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SBCC, Carpinteria School District Considering Capital Improvement Bond Measures

The initiatives, which could go to voters in November's election, would help fund campus renovations and new construction

SBCC President Lori Gaskin and Carpinteria Unified school board president Andy Sheaffer, right, talk about potential capital improvement bond measures for November’s ballot during Tuesday evening’s joint meeting.

SBCC President Lori Gaskin and Carpinteria Unified school board president Andy Sheaffer, right, talk about potential capital improvement bond measures for November’s ballot during Tuesday evening’s joint meeting.  (Giana Magnoli / Noozhawk photo)

By Giana Magnoli, Noozhawk Staff Writer | @magnoli |

South Coast voters will probably face capital improvement bond measures in November since Santa Barbara City College and the Carpinteria Unified School District are both considering initiatives to fund campus renovations and new construction.

SBCC last passed a bond measure in 2008, Measure V, which provided $77 million in funding used to renovate the drama/music building, the Garvin Theatre, the Humanities building, the bridge between the east and west campuses, and the La Playa Stadium and track.

SBCC is also constructing a classroom building on the west campus to replace portables, since the California Coastal Commission is making the college remove all 51 portables from the campus.

“They’re very, very decrepit and they’re on environmentally sensitive terrain,” SBCC President Lori Gaskin said at joint meeting Tuesday of SBCC and Carpinteria Unified.

The commission has seen a good-faith effort by SBCC to remove the buildings — it got rid of six more over spring break — but Gaskin said the college needs a bond measure to replace the rest with real classrooms.

The SBCC Board of Trustees has been considering a bond measure for more than a year and prioritized construction projects to replace the Campus Center, Wake Center and Sports Pavilion and build a new east campus classroom building and aquatics facility.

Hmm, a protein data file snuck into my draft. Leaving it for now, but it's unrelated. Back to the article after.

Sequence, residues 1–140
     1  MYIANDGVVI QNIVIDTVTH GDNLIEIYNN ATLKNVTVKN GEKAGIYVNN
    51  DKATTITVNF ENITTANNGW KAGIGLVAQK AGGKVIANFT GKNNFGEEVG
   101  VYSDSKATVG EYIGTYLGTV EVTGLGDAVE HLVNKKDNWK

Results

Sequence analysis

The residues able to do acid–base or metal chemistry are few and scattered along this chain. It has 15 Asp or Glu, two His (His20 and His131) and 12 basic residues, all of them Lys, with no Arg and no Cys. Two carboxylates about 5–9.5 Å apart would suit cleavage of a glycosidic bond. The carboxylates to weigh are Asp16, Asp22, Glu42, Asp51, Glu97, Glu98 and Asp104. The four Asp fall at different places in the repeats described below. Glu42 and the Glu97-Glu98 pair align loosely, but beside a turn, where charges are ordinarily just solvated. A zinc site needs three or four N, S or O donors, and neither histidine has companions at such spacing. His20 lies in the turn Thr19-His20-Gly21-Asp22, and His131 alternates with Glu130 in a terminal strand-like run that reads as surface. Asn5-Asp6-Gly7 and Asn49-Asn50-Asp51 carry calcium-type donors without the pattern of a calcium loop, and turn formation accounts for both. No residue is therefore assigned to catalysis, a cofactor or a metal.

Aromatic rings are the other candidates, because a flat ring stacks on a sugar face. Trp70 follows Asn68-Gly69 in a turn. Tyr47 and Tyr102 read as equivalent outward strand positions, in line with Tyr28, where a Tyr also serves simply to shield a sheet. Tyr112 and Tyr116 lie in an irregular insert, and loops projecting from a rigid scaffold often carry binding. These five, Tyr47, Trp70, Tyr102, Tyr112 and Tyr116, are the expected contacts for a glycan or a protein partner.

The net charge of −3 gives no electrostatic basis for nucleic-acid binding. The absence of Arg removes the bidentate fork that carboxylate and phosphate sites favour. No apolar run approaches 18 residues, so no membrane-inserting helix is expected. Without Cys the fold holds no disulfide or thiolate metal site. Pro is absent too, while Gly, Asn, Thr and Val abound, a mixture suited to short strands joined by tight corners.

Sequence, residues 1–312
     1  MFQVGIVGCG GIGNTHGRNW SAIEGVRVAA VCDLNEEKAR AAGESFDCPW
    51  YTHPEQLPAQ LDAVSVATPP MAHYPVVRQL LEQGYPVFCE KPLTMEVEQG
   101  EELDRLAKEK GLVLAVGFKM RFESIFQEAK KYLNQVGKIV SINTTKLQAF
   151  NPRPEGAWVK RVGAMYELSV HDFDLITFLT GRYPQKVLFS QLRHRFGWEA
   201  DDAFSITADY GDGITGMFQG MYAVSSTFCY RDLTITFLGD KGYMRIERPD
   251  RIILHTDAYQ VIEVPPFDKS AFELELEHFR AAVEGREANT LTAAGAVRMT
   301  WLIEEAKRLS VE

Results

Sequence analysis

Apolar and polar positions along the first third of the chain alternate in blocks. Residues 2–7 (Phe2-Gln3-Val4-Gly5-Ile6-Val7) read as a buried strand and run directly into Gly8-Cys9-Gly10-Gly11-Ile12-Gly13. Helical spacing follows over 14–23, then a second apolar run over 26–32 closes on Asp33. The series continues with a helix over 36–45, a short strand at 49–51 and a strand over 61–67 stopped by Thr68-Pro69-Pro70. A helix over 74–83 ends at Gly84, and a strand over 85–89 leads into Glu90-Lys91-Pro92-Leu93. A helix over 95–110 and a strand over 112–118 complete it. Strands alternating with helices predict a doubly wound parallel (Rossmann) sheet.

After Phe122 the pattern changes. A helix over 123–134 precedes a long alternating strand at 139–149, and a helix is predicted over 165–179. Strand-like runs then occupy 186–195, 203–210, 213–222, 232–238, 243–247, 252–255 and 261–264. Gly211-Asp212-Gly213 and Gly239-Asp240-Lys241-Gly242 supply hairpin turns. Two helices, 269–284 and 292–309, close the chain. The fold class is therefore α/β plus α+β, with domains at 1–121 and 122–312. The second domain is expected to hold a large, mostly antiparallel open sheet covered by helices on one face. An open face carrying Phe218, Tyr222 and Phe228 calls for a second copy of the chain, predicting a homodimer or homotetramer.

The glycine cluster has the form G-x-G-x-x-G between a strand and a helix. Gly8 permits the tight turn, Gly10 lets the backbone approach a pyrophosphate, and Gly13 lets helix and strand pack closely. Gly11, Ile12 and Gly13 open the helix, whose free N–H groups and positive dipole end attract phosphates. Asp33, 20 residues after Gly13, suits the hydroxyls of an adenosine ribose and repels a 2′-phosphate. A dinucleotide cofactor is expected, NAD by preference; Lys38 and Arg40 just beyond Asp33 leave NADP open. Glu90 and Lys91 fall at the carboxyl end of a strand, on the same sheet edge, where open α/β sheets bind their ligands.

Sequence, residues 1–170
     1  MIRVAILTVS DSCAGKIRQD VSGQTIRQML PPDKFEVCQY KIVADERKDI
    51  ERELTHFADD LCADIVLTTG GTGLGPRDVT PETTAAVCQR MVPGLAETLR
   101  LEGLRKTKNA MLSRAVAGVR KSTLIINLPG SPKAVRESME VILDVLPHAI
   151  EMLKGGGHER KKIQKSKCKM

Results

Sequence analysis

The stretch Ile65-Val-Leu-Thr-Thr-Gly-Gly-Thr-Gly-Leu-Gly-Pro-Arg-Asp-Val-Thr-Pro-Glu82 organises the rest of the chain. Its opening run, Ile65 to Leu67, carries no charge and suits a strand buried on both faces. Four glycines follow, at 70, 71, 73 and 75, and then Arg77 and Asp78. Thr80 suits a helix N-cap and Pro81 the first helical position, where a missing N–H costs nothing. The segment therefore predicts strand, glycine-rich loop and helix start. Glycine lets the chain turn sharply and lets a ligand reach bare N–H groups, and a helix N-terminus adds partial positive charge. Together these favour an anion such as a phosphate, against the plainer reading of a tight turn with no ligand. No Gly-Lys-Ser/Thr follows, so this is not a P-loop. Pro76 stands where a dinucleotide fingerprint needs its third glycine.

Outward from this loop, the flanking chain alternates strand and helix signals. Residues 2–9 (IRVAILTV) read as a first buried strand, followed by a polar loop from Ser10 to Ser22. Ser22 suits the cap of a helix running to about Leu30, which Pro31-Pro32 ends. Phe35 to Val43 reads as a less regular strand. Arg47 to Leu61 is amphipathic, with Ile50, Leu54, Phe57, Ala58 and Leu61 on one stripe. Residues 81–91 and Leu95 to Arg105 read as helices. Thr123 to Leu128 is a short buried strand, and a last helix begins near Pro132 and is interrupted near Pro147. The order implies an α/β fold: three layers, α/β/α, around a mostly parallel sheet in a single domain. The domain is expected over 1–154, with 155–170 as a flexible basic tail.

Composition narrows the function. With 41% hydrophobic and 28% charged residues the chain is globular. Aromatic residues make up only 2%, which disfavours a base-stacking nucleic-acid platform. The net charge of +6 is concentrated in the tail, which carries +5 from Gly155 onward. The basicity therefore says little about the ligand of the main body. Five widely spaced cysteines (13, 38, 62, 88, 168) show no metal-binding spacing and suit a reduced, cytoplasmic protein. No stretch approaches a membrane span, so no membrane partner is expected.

The board wants to modernize and upgrade the administration building, occupational education building, library, marine diving technology building, physical science building, Schott Center and student services building.

Those improvements would cost about $300 million, according to district estimates.

People surveyed last year were supportive of a $310 million bond measure, Gaskin said. The board still hasn’t decided whether it will place the measure on November’s ballot.

Proposition 39 bond revenues fund facility improvements and technology upgrades, and only require 55 percent approval by voters to pass, down from the two-thirds supermajority for parcel taxes.

Carpinteria Unified hasn’t had a capital improvement bond measure since 1995, Superintendent Paul Cordeiro said. The voters approved a $17.5 million bond then, but the district’s recent facility master plan shows a lot of facilities in need of renovation, board president Andy Sheaffer said. 

The district’s board hasn’t decided on a number — probably not more than $70 million — and is doing community outreach to gauge support for a bond measure this year.

Carpinteria Unified has 63 portable classrooms on its campuses and would consider replacing them with permanent, modular classrooms, Sheaffer said. 

Board members toured schools in Los Angeles that have these buildings in place now, and they’re permanent but much cheaper than constructing a traditional classroom building, he said.

The district could have a competing bond measure from the Carpinteria-Summerland Fire Protection District, Cordeiro noted.

“The good news in Carpinteria is that the community does rally in supporting kids and schools,” he said.

Noozhawk staff writer Giana Magnoli can be reached at .(JavaScript must be enabled to view this email address). Follow Noozhawk on Twitter: @noozhawk, @NoozhawkNews and @NoozhawkBiz. Connect with Noozhawk on Facebook.




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